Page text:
Data can contribute to a well-functioning administrative and democratic system. To be considered as a government that is service-oriented and transparent, we need to have the right data and be able to share (open) data at the right time and in the right way.
Some government data are open. That is to say: publicly available, free to use and free of copyrights or rights of third parties. To qualify as open data, the data must be easy to find, accessible and reusable. However, according to the privacy legislation, open data may not be traceable to identifiable persons or companies. The Dutch government has open data about every conceivable topic, including the economy, security, transport and health.
These data can be found on data.overheid.nl.
Data are of public importance
Open government data contribute to a transparent, readily accountable government. Open government data offer companies the possibility to develop new, innovative business models. In addition, government data can benefit citizens and civil society organisations, for example, via initiatives that improve neighbourhood safety. And last but not least, data sharing creates new networks between government, business and civil society organisations.
For a number of years now, the government has been making more and more open data available.
The next step will be to improve the quality, usability and findability of that data.
Improving the quality and usability of government data is also carried out within a European framework. The Netherlands are contributing to a new European directive for better re-use of government data.
Automatic local council information
Data in order is a prerequisite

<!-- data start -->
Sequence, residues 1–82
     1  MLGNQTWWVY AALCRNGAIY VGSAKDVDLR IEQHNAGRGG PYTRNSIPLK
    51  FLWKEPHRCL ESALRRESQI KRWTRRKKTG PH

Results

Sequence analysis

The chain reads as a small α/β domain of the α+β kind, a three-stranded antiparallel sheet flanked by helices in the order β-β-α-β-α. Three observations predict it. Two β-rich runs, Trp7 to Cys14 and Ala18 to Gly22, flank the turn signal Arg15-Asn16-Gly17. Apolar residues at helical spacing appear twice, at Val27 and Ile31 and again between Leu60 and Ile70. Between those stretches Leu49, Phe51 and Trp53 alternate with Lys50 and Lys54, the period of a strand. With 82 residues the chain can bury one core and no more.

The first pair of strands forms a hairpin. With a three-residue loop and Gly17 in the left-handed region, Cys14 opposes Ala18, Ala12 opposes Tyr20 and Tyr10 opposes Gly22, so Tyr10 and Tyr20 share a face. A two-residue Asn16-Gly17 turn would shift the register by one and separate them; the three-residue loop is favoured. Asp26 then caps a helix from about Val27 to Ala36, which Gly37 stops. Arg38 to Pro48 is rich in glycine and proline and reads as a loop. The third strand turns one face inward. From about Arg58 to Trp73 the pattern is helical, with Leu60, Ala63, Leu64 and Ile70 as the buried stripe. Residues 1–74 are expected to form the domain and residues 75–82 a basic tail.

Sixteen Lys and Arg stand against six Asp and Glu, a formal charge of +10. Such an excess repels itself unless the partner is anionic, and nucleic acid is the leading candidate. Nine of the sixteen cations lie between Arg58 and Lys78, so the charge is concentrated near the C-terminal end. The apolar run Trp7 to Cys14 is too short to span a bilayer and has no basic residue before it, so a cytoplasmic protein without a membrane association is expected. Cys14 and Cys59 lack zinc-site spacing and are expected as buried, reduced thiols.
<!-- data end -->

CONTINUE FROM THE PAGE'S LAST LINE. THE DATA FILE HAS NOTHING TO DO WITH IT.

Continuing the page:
Data can only be reused if the information is accurate, complete and up-to-date. Moreover, data must be properly managed and used correctly. In short: government organisations must have their data in order. This applies to both closed and open data.
Of course, there are also legal requirements that organisations must comply with. Within Europe, for example, it has been agreed that governments will not unnecessarily request data from citizens and businesses. Important data, such as names and addresses, are listed in the base registers. Citizens and companies are not unnecessarily approached by the government for this information. The cabinet coalition agreement states that the base registers will be modernised and that citizens will have more control of their personal data.
The new Open Government Act (Wet Open Overheid) ensures that the government does a better job of storing and managing data. Part of this Act is the Multi-annual plan for improving data management. At the heart of this is the launch of a National Platform for Public Sector Information (Landelijk Platform Openbare Overheidsinformatie), where all the documents of administrative organisations are made public and can be easily found.
Demand is key
When the range of data is better tailored to the demand of the user, data becomes more valuable. That is why data need to be ‘FAIR’: easy to Find, Accessible, Interoperable and Reusable.
Reusable, for both man and machine. Part of this is the use of meta data: data about data, such as the subject and the owner of the data.
A collection of data is also called a data set. To increase the use of data sets, we focus on those with the highest social value. These have a high socio-economic added value or contribute significantly to a transparent and more accountable government. We call these high-value datasets.